The National Capital Region’s economy continued to show signs of recovery in February as it added nearly 15,000 jobs last month, the latest figures from Statistics Canada show.
Ottawa-Gatineau’s unemployment rate dropped to 6.5 per cent in February, down from 6.7 per cent the previous month and its lowest level since the start of the pandemic, StatsCan said Friday in its latest labour market report.
That’s a far cry from the 4.3 per cent jobless rate a year earlier when the region’s economy was still riding a pre-COVID high. Last month’s gains leave Ottawa-Gatineau 20,000 jobs short of where it was in February 2020.
Still, the region’s economy has been steadily adding jobs since last summer, and Ottawa-Gatineau’s unemployment rate is now a full three percentage points lower than it was at the height of business shutdowns last June.
Since then, the region has gained more than 50,000 jobs, StatsCan says. At the same time, Ottawa-Gatineau’s labour force has also grown by more than 35,000 as job-hunters resumed their search for work. (Statistics Canada’s data is based on a three-month rolling average.)
Big gainers in February included two key drivers of the region’s economy, government and tech. The public administration sector added 2,500 jobs last month, while the tech sector – which had recorded a steady slide from more than 48,000 positions last summer to just 40,000 in January – rebounded to gain 4,800 jobs.
Meanwhile, industries battered by the pandemic such as retail and accommodation and food services also picked up last month as government restrictions on business openings were eased. The retail sector showed a net gain of 1,600 jobs, while accommodation and food services grew by 300.
The professional services sector made the biggest jump last month, expanding by a net 6,200 positions.
On the flip side, the health-care sector shed a net 2,400 jobs in February. Manufacturing (a net loss of 1,900) and financial services (1,400) were also among the sectors that showed declines.
Nationally, StatsCan says the economy added 259,000 jobs in February, almost wiping out losses sustained over the previous two months.
The economy lost almost 213,000 jobs in January as lockdown measures erased months of gains, and marked the worst monthly declines since last April.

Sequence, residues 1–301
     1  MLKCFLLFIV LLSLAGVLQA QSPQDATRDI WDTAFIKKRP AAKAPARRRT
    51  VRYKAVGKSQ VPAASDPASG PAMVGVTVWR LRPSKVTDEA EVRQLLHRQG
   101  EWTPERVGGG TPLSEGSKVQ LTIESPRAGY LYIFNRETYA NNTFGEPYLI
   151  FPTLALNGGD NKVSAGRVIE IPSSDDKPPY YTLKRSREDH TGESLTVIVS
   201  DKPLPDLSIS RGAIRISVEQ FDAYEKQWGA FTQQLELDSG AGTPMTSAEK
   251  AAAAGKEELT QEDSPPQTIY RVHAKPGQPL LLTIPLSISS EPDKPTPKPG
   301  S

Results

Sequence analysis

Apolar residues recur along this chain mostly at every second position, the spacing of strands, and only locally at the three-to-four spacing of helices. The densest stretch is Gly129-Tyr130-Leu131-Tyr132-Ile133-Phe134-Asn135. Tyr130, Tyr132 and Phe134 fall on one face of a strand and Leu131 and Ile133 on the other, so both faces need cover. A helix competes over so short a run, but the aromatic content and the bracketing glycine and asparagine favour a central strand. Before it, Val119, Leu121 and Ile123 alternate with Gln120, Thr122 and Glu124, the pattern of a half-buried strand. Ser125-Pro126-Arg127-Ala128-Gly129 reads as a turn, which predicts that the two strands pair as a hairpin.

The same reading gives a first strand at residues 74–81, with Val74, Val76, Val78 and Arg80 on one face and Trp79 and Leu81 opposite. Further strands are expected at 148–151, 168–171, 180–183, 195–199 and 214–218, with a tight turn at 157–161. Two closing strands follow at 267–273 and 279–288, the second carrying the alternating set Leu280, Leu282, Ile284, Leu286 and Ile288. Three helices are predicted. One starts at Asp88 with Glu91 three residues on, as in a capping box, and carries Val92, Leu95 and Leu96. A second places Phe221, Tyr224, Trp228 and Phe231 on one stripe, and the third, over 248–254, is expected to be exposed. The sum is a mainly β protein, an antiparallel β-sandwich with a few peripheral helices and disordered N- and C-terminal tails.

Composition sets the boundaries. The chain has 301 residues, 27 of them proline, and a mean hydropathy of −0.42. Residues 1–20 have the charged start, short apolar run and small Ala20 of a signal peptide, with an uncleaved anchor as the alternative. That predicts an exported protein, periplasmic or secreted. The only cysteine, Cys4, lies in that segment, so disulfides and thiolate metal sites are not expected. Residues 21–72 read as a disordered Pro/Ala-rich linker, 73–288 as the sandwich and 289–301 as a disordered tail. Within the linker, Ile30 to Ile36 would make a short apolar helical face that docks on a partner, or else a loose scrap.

February's reopenings reversed that drop with gains largely in Ontario and Quebec, and in sectors highly affected by tightened public health restrictions.
The national unemployment rate fell to 8.2 per cent, the lowest level since March 2020 at the onset of the COVID-19 pandemic, and down from the 9.4 per cent recorded in January.
Statistics Canada says the unemployment rate would have been 10.7 per cent in February had it included in calculations Canadians who wanted to work but didn't search for a job.
The figures blew past expectations of a gain of 75,000 and an unemployment rate of 9.2 per cent, according to financial data firm Refinitiv.
CIBC senior economist Royce Mendes wrote that the quick turnaround in jobs numbers is reminiscent of the first wave of the pandemic when employment rebounded far faster than expected as the economy began reopening.
However, he said in a note that the labour market has a long way to get back to where it was prior to COVID-19.
The gains now leave the country 599,100 jobs short of where it was in February of last year, or 3.1 per cent below pre-pandemic levels.
The federal government is keeping a close eye on the labour market, suggesting it will use jobs as a gauge for planned stimulus measures to be unveiled in a spring budget.
The Bank of Canada is also carefully monitoring employment levels, noting the uneven impacts of job losses in its reasoning this week for holding its key policy rate at 0.25 per cent.
– With additional reporting from the Canadian Press